Leslie Dillon, a 27-year-old aspiring writer and former mortician’s assistant became a suspect after writing to Dr. J. Paul DeRiver, a psychologist at the Los Angeles Police Department, in October of 1948. At that time, he resided in Florida but had been living in Los Angeles and working as a maintenance man at Columbia Studios, a place Elizabeth Short frequented, at the time of her murder. He explained to Dr. DeRiver that he had read about the Black Dahlia case in True Detective magazine and believed his friend, Jeff Connors, had committed the murder. Leslie shared his many theories with Dr. DeRiver, telling him he had an intense interest in sadism and sexual psychopathia and hoped to one day write a book on the subject. As the two corresponded through several letters, Dr. DeRiver began to suspect Jeff Connors was not a real person, but an aspect of Leslie Dillon’s personality which he had created in order to cope with murdering Elizabeth Short himself. DeRiver agreed to meet with Dillon in December of 1948 and discovered the former mortician’s assistant knew intimate details of the crime, known only by investigators. He spoke of draining corpses of blood by making an incision on the upper left thigh (Elizabeth Short had a chunk of flesh removed from her upper left thigh and her body was entirely drained of blood). DeRiver asked Dillon what he thought the killer would do with the flesh and pubic hair removed from Short’s body. Dillon replied if it were him, he would probably flush it down the toilet or somehow dispose of them; As the autopsy stated, they were inserted in her vagina and rectum. Police began to search for this “Jeff Connors” who Dillon said was living in San Fransisco, while no one by that name was found, police did discover Leslie Dillon’s real name was “Artie Lang”, which he still went by while living in LosAngeles. For a short time, he attempted to sue the Los Angeles Police Department for questioning him in the murder of Elizabeth Short, but dropped the suit after it alerted authorities to the fact that he was wanted for a robbery he committed at a hotel in Santa Monica while working there as a bellhop.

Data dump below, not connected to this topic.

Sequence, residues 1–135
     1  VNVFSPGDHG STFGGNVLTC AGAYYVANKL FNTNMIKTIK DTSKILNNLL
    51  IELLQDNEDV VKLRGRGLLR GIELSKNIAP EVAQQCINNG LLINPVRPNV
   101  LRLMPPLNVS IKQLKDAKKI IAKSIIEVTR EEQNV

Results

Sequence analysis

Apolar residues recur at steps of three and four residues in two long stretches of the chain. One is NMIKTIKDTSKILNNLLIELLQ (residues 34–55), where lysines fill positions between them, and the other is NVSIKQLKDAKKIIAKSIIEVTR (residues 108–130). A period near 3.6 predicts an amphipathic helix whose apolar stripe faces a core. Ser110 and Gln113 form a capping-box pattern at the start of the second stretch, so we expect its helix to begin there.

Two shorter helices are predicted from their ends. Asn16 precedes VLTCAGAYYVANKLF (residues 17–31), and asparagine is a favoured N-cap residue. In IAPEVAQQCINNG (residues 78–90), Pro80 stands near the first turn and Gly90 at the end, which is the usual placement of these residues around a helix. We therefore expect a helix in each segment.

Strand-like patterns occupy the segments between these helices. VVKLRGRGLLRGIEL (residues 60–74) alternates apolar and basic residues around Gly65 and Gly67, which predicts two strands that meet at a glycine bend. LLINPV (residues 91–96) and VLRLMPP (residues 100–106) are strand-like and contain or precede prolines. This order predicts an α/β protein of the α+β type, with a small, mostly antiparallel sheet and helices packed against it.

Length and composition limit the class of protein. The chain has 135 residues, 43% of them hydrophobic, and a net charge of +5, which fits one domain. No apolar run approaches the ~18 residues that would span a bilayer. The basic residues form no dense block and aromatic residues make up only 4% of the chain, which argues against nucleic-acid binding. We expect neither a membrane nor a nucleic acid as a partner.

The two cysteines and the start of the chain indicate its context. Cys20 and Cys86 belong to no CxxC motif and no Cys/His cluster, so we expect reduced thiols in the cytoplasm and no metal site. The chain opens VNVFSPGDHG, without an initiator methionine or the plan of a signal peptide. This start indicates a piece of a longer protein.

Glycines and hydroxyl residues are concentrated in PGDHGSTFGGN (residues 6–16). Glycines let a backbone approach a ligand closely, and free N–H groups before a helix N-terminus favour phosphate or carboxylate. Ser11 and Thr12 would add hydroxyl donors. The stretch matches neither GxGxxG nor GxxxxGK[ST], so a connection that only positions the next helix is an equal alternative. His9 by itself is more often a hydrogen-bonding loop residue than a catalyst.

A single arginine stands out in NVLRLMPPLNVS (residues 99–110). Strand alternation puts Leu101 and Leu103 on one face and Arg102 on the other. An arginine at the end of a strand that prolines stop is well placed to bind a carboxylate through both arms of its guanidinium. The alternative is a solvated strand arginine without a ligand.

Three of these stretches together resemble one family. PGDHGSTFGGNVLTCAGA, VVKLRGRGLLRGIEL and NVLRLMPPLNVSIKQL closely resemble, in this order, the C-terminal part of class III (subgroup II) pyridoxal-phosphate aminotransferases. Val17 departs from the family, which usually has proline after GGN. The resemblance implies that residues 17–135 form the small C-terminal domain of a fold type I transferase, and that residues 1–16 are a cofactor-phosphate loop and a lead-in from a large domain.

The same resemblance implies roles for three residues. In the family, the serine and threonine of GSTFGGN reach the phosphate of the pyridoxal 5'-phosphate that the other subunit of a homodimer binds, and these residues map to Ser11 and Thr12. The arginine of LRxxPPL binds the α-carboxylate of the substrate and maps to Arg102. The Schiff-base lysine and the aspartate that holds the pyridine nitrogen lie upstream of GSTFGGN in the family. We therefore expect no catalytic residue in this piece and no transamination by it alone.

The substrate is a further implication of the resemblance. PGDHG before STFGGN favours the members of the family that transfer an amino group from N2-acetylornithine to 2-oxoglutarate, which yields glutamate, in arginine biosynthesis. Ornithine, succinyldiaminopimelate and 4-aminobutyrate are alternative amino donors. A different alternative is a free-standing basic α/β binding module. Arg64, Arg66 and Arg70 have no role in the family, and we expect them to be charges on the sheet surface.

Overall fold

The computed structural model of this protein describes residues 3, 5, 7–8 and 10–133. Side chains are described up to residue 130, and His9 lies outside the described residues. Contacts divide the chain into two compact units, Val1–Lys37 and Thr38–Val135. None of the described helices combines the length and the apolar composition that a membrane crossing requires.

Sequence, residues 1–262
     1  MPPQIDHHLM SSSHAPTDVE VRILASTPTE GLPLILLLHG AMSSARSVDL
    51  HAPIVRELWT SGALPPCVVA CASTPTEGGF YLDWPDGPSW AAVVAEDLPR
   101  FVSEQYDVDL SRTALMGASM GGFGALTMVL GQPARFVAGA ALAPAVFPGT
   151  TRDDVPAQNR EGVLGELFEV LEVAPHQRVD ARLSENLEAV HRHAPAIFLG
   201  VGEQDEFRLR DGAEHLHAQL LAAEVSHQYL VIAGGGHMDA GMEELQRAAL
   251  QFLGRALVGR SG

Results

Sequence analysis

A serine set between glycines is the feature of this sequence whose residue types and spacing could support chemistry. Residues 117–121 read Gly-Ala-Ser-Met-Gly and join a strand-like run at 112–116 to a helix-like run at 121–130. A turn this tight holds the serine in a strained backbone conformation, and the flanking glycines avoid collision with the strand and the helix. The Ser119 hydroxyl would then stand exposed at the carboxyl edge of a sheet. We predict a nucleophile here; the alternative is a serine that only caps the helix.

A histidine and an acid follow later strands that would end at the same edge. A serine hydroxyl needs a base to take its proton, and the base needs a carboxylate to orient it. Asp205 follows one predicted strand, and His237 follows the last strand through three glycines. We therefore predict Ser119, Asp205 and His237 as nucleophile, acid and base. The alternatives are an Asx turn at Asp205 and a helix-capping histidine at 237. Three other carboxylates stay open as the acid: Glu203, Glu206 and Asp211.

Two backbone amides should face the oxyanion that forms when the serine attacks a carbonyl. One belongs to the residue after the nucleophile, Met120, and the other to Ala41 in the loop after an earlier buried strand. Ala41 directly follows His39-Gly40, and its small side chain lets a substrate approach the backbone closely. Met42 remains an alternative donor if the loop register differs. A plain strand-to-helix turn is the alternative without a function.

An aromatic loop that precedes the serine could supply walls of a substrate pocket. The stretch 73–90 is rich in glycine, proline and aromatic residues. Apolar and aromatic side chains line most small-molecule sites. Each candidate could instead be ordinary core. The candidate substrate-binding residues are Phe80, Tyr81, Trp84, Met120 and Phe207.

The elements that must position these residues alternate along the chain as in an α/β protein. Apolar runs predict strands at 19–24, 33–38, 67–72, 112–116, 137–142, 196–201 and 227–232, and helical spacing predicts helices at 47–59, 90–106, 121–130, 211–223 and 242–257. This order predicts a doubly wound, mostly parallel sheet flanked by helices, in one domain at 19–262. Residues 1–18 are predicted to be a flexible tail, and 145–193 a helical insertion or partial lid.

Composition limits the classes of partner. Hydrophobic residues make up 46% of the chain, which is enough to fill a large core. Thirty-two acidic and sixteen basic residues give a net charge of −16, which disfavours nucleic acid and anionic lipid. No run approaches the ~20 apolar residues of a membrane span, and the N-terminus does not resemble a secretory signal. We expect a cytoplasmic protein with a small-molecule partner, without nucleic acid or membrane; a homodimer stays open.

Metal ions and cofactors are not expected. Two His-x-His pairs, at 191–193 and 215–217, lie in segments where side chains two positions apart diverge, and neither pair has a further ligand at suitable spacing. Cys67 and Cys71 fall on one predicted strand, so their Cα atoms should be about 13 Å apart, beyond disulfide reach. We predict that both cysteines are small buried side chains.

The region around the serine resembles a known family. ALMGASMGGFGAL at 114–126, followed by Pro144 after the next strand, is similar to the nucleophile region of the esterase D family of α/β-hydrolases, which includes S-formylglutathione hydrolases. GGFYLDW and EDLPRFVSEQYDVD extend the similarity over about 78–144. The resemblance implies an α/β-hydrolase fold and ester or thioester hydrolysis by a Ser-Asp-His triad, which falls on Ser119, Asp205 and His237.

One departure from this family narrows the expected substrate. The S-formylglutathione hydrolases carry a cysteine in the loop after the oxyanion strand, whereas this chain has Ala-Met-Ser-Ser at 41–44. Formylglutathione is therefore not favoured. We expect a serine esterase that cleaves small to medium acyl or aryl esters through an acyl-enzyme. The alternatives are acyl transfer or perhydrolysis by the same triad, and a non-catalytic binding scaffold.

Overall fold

Dr. Patrick S. O’Reilly
O’Reilly met Short through their mutual friend, Mark Hansen. O’Reilly and Hansen were close friends, having attended multiple “sex parties” in Malibu together. O’Reilly was sadistic and had a long history of violent, sexually motivated crimes. He had previously been convicted of committing sexual assault with a deadly weapon for what was described as, “taking his secretary to a motel and sadistically beating her almost to death for no other reason than to satisfy his sexual desires without intercourse.”. Patrick S. O’Reilly had his right pectoral removed; Elizabeth Short was similarly mutilated by her killer.
Fred Sexton, a good friend of George Hodel’s, was modernist painter and artist who created the ‘Maltese Falcon’ statue for the 1941 film by the same name. Today, it is the most valuable movie prop in the world, last selling for 4.1 million dollars. Allegedly, George Hodel hosted orgies in his home and Fred Sexton was often in attendance. Sexton is also suspected of the 1958 rape and murder of Geneva Ellroy. In 1968, after Sexton molested his eleven-year-old step-daughter he fled to Mexico where he lived out the remainder of his days. There, in 1971 when he was sixty-three-years-old, he married a teenager.
George Hodel and his family lived in the Sowden House; A home designed by Lloyd Wright, son of Frank Lloyd Wright. Sowden House is located on Franklin Street (where investigators revealed they believed the killer lived) and is approximately seven miles (11km) from the empty lot where Elizabeth Short’s body was discovered. George Hodel worked as a physician and was known to perform abortions. In his free time, he edited a literary magazine, painted, played the piano and occasionally wrote poetry. He loved surrealist art and admired the writings of Marquis de Sade.